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Aids cure found?

  1. Mar 18, 2007 #1
  2. jcsd
  3. Mar 18, 2007 #2
    I hear this stuff all the time. If there was a 'herbal' cure for anything, chemists would be at work singling out the compound responsible and just recreate it synthetically, maybe even enhance it's effects.

    Of course in these countries there are still witch doctors and stuff, I am not saying these things are wrong but they shouldn't replace modern medicine. I agree with the WHO, unless it is definitively shown that there is a compound in these herbs which treats HIV in some way, the only thing that could come from it is false hope/hype and people coming off of their regular meds to try this.
    Last edited: Mar 18, 2007
  4. Mar 18, 2007 #3


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  5. Mar 18, 2007 #4
    Actually I could easily imagine the cynical, arrogant, fossilized nature of many scientists standing in the way of this sort of progress.
  6. Mar 18, 2007 #5
    Not necessarily true. After all, to many there is no point in doing something if you cannot make money from it.
  7. Mar 18, 2007 #6


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    Many, but not all. I would disagree.
  8. Mar 18, 2007 #7
    I find this interesting, I actually had a conversation with someone about it earlier this week. My argument is that they could make money from it! Unless you know something I don't, (very possible :tongue:). Long long ago it was found out that chewing the bark of a willow tree caused pain to subside a little bit. Later on the compound salicylic acid was singled out as the likely culprit, and was created synthetically. Of course as you probably know it wasn't very good, it was very sour or whatever, I forget the story somewhat.. then they refined it and found out which branch on the molecule was causing the bad effects and improved the drug. ASA was born.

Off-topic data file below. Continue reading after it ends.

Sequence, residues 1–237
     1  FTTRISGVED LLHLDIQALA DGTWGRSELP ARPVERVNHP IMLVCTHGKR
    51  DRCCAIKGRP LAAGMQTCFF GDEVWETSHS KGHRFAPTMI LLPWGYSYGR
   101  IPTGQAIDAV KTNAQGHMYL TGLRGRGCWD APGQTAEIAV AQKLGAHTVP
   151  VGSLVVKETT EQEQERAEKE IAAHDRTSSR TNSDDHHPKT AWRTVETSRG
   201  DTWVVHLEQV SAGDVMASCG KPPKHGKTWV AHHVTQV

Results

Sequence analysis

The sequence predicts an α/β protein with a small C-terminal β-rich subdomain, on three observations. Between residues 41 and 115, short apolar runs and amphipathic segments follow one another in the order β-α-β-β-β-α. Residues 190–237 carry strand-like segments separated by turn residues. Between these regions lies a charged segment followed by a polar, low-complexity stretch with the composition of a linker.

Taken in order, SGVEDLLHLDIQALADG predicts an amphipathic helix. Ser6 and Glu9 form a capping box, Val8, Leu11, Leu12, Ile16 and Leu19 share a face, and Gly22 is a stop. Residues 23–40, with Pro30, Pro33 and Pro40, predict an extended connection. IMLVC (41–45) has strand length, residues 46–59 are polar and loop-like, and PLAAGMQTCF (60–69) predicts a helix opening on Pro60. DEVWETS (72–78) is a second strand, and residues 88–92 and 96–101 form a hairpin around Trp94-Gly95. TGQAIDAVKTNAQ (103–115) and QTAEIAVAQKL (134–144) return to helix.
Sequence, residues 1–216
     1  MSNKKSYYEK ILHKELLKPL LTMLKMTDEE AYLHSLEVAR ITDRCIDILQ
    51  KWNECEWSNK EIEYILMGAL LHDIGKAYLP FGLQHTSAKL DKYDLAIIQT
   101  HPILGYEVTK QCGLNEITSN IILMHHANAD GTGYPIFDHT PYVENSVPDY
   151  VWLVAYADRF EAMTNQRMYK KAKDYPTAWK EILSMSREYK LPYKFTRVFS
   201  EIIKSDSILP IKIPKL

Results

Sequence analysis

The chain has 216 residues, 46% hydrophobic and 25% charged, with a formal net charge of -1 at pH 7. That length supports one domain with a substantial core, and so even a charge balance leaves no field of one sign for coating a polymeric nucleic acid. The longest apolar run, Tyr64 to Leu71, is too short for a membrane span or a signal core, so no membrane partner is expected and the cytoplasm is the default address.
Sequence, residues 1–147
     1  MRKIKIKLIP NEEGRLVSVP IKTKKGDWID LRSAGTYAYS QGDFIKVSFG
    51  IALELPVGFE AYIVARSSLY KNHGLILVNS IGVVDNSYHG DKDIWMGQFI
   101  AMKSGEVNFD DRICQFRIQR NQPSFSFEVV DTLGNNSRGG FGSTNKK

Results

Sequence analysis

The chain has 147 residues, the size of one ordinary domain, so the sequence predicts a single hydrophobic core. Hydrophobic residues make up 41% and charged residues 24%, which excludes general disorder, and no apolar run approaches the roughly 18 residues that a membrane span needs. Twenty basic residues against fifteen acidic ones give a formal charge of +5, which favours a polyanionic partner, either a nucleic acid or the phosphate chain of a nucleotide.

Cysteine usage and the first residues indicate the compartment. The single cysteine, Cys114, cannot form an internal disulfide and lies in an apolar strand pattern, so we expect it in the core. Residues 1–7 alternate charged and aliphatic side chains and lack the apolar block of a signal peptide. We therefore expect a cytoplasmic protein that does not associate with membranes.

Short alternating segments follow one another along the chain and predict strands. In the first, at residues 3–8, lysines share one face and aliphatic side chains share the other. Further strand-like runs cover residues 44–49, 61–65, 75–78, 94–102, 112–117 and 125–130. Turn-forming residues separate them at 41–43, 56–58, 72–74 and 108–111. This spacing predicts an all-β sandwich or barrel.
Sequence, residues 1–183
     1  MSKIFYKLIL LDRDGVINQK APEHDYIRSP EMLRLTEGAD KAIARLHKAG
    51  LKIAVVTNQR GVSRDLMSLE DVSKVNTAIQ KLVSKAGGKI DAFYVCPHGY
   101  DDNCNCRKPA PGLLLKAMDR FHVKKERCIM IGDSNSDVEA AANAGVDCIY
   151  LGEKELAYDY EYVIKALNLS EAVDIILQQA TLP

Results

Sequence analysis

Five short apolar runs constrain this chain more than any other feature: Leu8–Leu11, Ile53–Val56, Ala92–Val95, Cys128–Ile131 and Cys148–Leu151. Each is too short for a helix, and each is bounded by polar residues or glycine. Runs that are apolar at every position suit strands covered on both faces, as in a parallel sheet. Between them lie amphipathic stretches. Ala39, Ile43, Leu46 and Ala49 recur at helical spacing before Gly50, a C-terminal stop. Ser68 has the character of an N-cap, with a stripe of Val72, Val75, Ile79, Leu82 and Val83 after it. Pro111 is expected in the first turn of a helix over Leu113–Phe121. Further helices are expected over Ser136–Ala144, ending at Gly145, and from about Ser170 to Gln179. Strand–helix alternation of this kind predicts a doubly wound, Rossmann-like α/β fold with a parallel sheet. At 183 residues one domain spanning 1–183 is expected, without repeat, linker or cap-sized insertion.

Why couldn't this be done with any compound? Surely the BAYER company is making money off of aspirin.

    Wouldn't people pay for a drug that treated HIV? :/ Its patentable is it not? I don't see how you couldn't sell it. The problem is that under lab tests, these 'herbs' or whatever don't have any measurable effect from what I have heard, so.
    Last edited: Mar 18, 2007
  9. Mar 18, 2007 #8
    The patent has expired.

    I am just waiting for our political representatives to become "convinced" by lobbyists that it is a good idea to extend the patentable period, similarly as they did when Disney was all up in arms when the copyright of a silly drawing of a mouse drawn more than 80 years ago was about to expire.

    What a world, sigh.....
  10. Mar 18, 2007 #9
    I dont think its a cure. Maybe it is an immune boost but it cant be a cure
  11. Mar 18, 2007 #10


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    I can't believe that article. It, and some of the comments in this thread, make me sick.
  12. Mar 18, 2007 #11
    I wish. I wish. If every wish was a cure then everyone would live to 100. Aids is a hard nut to crack. If it were so easy then it would have been cured by now.
  13. Mar 18, 2007 #12


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    No need for a political motive, a god complex is reason enough:

    There's a fine line between cultural sensitivity and idiocy.
    Last edited: Mar 18, 2007
  14. Mar 18, 2007 #13


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    Actually, not at all. That sounds like a pretty cynical, arrogant, fossilized opinion to think so though. In fact, that is how many current pharmaceuticals have developed. Companies have gone out and seen what herbal medicines people have used and extracted the active compounds, done the clinical trials to ensure they really are effective, and developed them into purified compounds that are part of modern medicine. One does need to have healthy skepticism though and actually test the compounds and people's claims, because many also don't work, or can be more harmful than helpful.
  15. Mar 18, 2007 #14